The Wheels on the Bus
Waking up to the sound of kids put an early damper on my day. I know how children get with their songs and cartoons and the way one side of their hair looks different from the other. Despite the years of torture and annoyance, I now believe kids are the main purpose for my life.
I’ve been around children my whole life, coming from a house where my mom ran a daycare. Growing up, children were the one thing that I thought would never be any bigger a part of my life than they were at that time.
I hated the nagging “Why? Why? Why?” and that they wanted the same lunch every day. But despite this, I helped, which I didn’t necessarily mind. I enjoyed the babies. The toddlers weren’t so bad all the time. The elementary kids liked to help me help my mom, so I put them to work. I learned how to work them; what got the wheels on their buses turning, and what kind of satisfaction would get them to help.
Once I was old enough to not be around as much, I started appreciating the kids more. I liked my noise occasionally, so once there wasn’t any, I felt out of place. I realized that I was enjoying what I was doing and wanted to get better at it.
As my different skills improved, like storytelling at the drop of a hat, constructing Lego houses, and perfecting the pigtail, the kids and I got along better. Once I learned to find patience, I found that they weren’t little monsters and that all they wanted was someone to look up to. So I decided I’d become that person.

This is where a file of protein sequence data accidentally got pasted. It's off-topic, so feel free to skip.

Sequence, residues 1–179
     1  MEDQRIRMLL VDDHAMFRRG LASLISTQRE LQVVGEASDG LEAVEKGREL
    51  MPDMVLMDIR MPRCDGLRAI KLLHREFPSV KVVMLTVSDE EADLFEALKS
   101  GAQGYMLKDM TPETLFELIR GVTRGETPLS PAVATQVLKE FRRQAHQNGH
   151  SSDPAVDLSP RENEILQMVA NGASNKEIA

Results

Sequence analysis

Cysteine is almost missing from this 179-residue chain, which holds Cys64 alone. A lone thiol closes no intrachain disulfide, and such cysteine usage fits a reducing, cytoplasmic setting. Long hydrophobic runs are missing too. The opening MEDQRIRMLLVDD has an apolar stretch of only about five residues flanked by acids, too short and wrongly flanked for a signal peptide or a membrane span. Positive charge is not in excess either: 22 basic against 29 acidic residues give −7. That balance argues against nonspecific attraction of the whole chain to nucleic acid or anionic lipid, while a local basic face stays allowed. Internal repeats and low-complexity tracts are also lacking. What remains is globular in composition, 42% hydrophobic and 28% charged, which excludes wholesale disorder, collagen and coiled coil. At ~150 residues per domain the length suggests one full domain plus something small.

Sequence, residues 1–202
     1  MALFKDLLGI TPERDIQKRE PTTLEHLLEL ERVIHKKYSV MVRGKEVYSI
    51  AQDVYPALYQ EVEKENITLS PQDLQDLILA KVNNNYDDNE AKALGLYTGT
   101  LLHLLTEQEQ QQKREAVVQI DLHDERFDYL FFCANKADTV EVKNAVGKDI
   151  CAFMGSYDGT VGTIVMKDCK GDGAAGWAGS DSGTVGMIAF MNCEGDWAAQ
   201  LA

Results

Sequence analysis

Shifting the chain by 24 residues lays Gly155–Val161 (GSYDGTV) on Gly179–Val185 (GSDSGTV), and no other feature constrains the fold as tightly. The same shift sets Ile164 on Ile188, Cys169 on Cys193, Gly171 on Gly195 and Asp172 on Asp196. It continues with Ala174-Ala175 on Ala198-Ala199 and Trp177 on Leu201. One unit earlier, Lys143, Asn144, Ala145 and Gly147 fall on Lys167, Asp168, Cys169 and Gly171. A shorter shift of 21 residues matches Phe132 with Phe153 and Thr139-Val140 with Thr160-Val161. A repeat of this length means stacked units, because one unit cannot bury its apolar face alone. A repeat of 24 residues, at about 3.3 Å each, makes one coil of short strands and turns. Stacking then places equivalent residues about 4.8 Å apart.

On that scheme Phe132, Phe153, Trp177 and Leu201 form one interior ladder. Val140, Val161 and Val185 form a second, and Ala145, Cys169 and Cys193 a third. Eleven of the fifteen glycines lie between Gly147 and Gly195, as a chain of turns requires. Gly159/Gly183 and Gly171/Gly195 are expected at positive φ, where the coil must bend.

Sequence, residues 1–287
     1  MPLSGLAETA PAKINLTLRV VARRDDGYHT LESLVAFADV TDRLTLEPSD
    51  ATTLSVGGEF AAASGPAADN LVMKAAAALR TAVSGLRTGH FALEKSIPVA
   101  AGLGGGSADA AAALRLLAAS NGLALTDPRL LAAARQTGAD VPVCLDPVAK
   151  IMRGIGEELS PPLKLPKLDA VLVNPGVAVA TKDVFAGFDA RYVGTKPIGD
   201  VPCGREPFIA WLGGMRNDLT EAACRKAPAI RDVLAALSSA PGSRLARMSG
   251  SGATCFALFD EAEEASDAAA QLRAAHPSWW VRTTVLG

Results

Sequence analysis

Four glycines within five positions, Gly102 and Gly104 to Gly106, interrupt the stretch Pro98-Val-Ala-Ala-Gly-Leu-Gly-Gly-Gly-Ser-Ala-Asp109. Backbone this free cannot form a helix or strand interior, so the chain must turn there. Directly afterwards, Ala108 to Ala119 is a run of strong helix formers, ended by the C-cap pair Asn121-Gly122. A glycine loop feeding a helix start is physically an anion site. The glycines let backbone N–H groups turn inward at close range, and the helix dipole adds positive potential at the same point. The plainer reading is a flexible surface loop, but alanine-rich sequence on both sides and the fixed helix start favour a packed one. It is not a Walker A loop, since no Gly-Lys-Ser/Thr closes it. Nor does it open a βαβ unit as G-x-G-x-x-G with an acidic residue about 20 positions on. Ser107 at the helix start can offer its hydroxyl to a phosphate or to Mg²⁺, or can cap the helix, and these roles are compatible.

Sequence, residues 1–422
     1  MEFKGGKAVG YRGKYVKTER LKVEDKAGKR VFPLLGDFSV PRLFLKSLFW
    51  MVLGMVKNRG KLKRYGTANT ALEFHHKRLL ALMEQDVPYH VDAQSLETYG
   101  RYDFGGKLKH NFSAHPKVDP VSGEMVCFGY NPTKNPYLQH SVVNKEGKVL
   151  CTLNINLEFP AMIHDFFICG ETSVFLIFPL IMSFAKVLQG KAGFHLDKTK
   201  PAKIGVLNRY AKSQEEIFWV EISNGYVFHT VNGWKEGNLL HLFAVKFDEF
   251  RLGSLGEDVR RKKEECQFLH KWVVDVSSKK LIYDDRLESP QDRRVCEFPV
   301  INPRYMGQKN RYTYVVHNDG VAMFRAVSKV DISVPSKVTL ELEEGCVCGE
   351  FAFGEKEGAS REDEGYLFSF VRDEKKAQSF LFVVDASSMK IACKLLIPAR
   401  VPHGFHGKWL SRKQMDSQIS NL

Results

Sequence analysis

The more I loved the feeling of knowing I was making a difference, the more I wanted to work with the kids. So when looking for my first job, I wanted something along the lines of a mentor. The position I found was a job working as an aide for an after school program.
By the time I started, I had perfected many arts, including the tone and volume of voice that would make the entire room turn to a hush in 1.7 seconds. The kids had a respect for me that I believe came with the experience from helping my mom.
After working for the past three years, I’ve learned almost everything I need to know about kids. I’ve learned that a little patience goes a LONG way, and that “boo boo’s” can be cured by a simple sidetracking story. I’ve also learned that by becoming a kid again everyday for a few hours, I was coming into my own as an adult. So, now when I hear the sound of videogames or see crazy hair, it only makes my day that much better.
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